A mysterious new disease can be blamed for serious, unknown inflammations in the elderly. Now, researchers are getting a good first look at who the disease strikes, and how often.
VEXAS syndrome, a disease discovered just two years ago, affects almost 1 in 4,000 people over 50 years of age, according to scientists on January 24. JAMA. The disease also occurs in the elderly, but more rarely. Altogether, more than 15,000 people in the United States may suffer from the syndrome, says study coauthor David Beck, a clinical geneticist at NYU Langone Health in New York City. Those numbers indicate that doctors are worried about surveillance, says Beck. “It’s underdiagnosed and underrecognized. Doctors don’t know a lot yet.”
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Beck’s team announced that they will discover VEXAS syndrome in 2020, linking changes in the gene called UBA1 Symptoms range from fever, low blood cell count and inflammation. Jugal’s new study is the first to assess how often VEXAS occurs in the general population – and the results are surprising. “It’s more common than we suspected,” says Emma Groarke, a hematologist at the National Institutes of Health in Bethesda, Md., who was not involved in the study.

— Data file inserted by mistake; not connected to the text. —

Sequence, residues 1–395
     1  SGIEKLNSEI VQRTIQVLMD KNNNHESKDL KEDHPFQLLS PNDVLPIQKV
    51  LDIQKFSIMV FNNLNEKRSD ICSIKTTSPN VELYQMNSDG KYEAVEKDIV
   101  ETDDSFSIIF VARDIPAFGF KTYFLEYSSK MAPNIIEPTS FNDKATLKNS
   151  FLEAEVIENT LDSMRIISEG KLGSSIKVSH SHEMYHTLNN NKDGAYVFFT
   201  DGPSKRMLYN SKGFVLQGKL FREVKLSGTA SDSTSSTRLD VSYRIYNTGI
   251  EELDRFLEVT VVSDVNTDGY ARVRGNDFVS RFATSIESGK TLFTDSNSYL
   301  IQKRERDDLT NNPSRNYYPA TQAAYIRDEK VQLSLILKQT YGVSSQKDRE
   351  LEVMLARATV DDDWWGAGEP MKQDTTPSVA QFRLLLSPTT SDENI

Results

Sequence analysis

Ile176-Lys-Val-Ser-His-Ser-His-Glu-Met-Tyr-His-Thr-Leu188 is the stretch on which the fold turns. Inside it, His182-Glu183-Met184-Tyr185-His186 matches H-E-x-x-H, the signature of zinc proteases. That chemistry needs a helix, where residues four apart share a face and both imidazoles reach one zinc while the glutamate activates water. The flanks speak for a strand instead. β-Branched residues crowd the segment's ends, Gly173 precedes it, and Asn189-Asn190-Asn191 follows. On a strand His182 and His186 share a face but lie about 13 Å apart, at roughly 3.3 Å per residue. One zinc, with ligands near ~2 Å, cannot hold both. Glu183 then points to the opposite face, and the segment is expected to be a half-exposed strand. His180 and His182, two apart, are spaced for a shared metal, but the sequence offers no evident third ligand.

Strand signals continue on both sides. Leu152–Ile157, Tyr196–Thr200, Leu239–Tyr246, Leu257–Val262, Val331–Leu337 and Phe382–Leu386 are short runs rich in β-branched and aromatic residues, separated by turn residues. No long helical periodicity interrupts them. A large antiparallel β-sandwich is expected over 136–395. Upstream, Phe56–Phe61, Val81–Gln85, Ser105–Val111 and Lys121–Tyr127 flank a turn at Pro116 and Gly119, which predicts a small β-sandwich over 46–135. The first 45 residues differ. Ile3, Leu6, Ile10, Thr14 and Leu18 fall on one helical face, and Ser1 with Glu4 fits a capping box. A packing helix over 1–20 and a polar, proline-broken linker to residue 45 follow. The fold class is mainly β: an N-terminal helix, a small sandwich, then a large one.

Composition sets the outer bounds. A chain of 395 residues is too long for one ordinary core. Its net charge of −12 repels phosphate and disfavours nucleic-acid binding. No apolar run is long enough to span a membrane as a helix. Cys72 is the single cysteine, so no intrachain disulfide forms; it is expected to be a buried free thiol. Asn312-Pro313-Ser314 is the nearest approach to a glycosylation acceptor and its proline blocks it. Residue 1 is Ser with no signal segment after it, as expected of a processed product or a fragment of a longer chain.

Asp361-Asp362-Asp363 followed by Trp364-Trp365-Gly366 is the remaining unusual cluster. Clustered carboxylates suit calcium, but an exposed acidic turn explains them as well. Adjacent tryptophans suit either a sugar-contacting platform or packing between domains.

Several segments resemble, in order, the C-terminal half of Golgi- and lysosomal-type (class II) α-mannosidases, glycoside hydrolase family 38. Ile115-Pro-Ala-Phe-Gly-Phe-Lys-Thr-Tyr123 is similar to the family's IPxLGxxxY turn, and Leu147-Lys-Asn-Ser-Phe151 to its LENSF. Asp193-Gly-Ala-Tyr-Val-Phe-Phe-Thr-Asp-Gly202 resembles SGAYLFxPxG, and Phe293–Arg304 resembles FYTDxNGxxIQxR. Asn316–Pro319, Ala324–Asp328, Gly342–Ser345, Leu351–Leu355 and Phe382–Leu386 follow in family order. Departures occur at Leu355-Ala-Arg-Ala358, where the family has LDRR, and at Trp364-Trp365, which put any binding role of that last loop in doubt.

VEXES tend to show up later in life — after people acquire them in some way UBA1 changes in blood cells. Patients may feel excessive fatigue, numbness, and scaly skin, Beck says. “The disease is progressive, and it is serious.” Harassment can even be deadly. Once a person’s symptoms begin, the median survival time is about 10 years, his team found.
Until the year 2020, no one knew that there was a genetic thread connected to VEXAS syndrome with otherwise explained symptoms. In fact, individuals are diagnosed with other conditions, including polyarteritis nodosa, an inflammatory blood disease, and relapsing polychondritis, a known tissue disorder, before being diagnosed with VEXAS.
To get a ballpark figure for the number of people affected by VEXAS, Beck’s team went through the electronic health records of more than 160,000 people in Pennsylvania, in collaboration with the NIH and Geisinger Health. In people over 50, causing the disease UBA1 It shows changes in about 1 in 4,000 people. Among women in that age bracket, about 1 in 26,000 had the mutation.
Genetic blood tests can help doctors diagnose VEXAS, and treatments like steroids and other immunosuppressive drugs, which can tamp down inflammation, can ease symptoms. Groarke and his NIH colleagues have also begun a small phase II clinical trial testing bone marrow transplantation as a way to exchange sick patients’ blood cells for healthy ones.
Beck says he hopes to raise awareness about the disease, though he acknowledges there is much more work to be done. In his team’s studies, for example, most of the participants were white Pennsylvanians, so the researchers don’t know how the disease affects other populations. Researchers also don’t know what drives the blood cell changes or how they spark an inflammatory frenzy in the body.
“The more patients are diagnosed, the more we will learn about the disease,” says Beck. “This is one step in the process of finding more effective therapies.”
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